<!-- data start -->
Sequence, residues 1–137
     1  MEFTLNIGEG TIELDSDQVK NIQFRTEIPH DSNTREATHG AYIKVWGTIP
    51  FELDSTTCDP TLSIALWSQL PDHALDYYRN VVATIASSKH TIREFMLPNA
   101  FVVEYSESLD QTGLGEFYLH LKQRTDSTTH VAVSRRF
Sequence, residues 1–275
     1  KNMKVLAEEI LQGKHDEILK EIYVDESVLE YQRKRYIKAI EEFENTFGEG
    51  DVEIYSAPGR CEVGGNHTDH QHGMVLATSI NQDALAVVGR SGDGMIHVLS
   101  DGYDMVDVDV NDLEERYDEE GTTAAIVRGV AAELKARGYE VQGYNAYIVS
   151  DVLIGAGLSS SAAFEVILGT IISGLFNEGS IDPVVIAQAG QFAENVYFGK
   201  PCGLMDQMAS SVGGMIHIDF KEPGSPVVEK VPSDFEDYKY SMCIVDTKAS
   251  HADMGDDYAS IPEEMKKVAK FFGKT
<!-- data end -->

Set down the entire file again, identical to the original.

Sequence, residues 1–137
     1  MEFTLNIGEG TIELDSDQVK NIQFRTEIPH DSNTREATHG AYIKVWGTIP
    51  FELDSTTCDP TLSIALWSQL PDHALDYYRN VVATIASSKH TIREFMLPNA
   101  FVVEYSESLD QTGLGEFYLH LKQRTDSTTH VAVSRRF
Sequence, residues 1–275
     1  KNMKVLAEEI LQGKHDEILK EIYVDESVLE YQRKRYIKAI EEFENTFGEG
    51  DVEIYSAPGR CEVGGNHTDH QHGMVLATSI NQDALAVVGR SGDGMIHVLS
   101  DGYDMVDVDV NDLEERYDEE GTTAAIVRGV AAELKARGYE VQGYNAYIVS
   151  DVLIGAGLSS SAAFEVILGT IISGLFNEGS IDPVVIAQAG QFAENVYFGK
   201  PCGLMDQMAS SVGGMIHIDF KEPGSPVVEK VPSDFEDYKY SMCIVDTKAS
   251  HADMGDDYAS IPEEMKKVAK FFGKT